• #5: PP (Polypropylene)

    Importantly avoid plastics with the recycling code #3, #6, and some #7 (read more on these in our 'Materials to avoid').

    Also if you must use plastic to hold and store food there are also a few rules of thumb for proper use of safe plastics:

    1. don’t heat in the microwave
    2. don’t store fatty or acidic foods
    3. don’t used if scratched or worn, and

    Disclaimer: we are parents with a passion for healthy and sustainable living, not scientific experts. We've compiled information published by industry experts and Australian & international industry bodies including the European Food Safety Authority (EFSA) and the US Food & Drug Adminisration (FDA) and shared the key bits for your convenience above. But we also acknowledge that certain aspects (i.e. the toxicity of plastics) are not fully understood or adequately tested. We always encourage you to do your own research to make informed decisions but hope this helps.

    Related Articles: 

    > Materials We Love
    > Materials We Leave



      May 29, 2014

      Materials We Leave

      Materials we avoid for safety reasons are listed below. We acknowledge that toxicity of some materials (i.e. some plastics) is not fully understood or adequately tested, but as former EWG senior scientist Dr. Anila Jacob told Web MD,

      Although most of the chemicals making the culinary crossing are considered "safe," Jacob tells WebMD that's generally not because they've been proved safe, but rather they haven't been proven to be unsafe.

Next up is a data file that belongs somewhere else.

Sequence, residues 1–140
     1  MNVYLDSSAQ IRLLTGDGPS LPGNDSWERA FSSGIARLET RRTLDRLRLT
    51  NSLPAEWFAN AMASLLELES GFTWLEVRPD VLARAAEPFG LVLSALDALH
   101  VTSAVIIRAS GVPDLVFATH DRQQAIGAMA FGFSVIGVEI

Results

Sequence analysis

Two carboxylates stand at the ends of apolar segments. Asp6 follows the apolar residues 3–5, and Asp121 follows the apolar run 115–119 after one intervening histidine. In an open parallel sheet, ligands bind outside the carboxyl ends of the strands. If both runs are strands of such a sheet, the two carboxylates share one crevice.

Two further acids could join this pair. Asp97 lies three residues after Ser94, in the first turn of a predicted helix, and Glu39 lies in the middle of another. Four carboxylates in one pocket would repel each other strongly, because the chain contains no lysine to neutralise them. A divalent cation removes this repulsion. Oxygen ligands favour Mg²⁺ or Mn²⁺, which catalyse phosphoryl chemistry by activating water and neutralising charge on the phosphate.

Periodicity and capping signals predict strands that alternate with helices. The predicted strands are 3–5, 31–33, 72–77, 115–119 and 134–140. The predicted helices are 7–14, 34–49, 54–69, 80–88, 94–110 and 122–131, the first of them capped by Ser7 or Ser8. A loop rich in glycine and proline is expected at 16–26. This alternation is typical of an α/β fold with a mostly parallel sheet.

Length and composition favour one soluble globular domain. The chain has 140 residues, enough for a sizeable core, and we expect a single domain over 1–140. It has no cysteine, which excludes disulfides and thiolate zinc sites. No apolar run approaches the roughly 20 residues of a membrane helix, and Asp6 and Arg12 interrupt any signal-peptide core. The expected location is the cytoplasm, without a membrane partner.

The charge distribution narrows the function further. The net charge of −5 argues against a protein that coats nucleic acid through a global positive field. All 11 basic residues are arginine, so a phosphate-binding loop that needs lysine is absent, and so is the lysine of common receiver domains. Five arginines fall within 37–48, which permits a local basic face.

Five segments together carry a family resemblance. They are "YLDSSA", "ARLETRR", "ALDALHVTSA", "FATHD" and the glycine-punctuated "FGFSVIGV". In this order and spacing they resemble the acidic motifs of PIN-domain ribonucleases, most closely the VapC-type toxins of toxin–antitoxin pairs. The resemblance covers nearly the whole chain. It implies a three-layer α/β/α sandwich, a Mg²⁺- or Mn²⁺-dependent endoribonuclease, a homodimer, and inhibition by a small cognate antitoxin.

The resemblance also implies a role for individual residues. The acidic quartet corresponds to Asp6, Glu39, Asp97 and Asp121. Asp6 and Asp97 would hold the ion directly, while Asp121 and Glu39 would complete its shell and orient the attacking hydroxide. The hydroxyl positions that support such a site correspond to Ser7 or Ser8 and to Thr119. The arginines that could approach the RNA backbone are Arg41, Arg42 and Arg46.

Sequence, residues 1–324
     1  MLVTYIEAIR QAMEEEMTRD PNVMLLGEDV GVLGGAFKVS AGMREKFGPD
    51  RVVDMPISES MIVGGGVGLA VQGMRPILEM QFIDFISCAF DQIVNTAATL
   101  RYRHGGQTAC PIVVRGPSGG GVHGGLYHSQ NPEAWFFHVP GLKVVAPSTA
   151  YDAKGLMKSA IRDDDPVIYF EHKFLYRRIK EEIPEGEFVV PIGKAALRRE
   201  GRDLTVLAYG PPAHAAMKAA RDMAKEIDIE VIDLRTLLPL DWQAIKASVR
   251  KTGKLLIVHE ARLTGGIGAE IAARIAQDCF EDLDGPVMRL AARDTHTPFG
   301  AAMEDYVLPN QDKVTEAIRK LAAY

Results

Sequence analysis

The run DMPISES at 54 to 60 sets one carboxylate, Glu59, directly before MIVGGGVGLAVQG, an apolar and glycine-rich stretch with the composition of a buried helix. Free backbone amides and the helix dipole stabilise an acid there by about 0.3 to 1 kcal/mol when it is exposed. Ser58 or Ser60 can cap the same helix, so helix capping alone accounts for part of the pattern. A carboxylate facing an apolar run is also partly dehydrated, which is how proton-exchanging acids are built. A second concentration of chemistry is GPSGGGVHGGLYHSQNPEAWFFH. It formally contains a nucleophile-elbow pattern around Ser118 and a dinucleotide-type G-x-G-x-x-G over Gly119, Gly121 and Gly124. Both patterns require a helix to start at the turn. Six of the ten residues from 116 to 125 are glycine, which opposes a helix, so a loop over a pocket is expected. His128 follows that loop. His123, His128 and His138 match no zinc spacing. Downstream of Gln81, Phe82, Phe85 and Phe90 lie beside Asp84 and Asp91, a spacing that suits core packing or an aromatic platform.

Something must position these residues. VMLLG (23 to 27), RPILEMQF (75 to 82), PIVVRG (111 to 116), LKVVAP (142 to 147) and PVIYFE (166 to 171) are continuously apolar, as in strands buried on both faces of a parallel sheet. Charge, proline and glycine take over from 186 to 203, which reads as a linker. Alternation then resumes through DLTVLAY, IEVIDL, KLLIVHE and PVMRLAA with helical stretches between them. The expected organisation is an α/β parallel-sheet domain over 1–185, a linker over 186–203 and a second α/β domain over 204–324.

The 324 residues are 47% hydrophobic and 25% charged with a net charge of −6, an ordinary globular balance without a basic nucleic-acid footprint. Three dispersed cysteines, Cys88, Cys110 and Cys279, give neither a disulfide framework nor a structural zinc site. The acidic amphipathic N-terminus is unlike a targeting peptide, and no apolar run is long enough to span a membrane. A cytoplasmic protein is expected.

"There is very little published research on the potential adverse health effects of chemicals that leach from plastic food containers, so it's difficult to say they're safe with any degree of certainty, especially with long-term use," says Jacob.

      So we happily share findings from our research and assure that you won't find these nasties in our products, but always encourage you to do your own research to make informed decisions.

      Unsafe materials to avoid (we certainly do):

      • Plastic #3: PVC (Polyvinyl Chloride) contains phthalates and plasticisers than can leach into food and drinks. These can be found in cling wrap, clear plastic containers for fruit or take-away sandwiches and some soft drink containers. The manufacture of PVC releases a potent carcinogen that accumulates in animals and in us. It may also contain phthalates, chemicals used, among other things, to soften plastics. Some phthalates are hormone disruptors that have been linked to possible reproductive problems and birth defects, and even to smaller penis size in boys. PVC workers have higher cancer rates.
      • Plastic #6: PS (Polystyrene) is found in rigid plastics such as opaque plastic spoons and forks, and in Styrofoam, such as those found in coffee cups and meat trays. These plastics can leach styrene, a known neurotoxin with other negative health effects.